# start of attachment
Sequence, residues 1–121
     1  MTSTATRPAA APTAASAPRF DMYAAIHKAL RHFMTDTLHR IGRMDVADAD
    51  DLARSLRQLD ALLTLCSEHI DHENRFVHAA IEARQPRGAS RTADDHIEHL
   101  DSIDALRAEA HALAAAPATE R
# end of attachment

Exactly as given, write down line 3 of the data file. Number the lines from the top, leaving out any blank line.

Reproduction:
    51  DLARSLRQLD ALLTLCSEHI DHENRFVHAA IEARQPRGAS RTADDHIEHL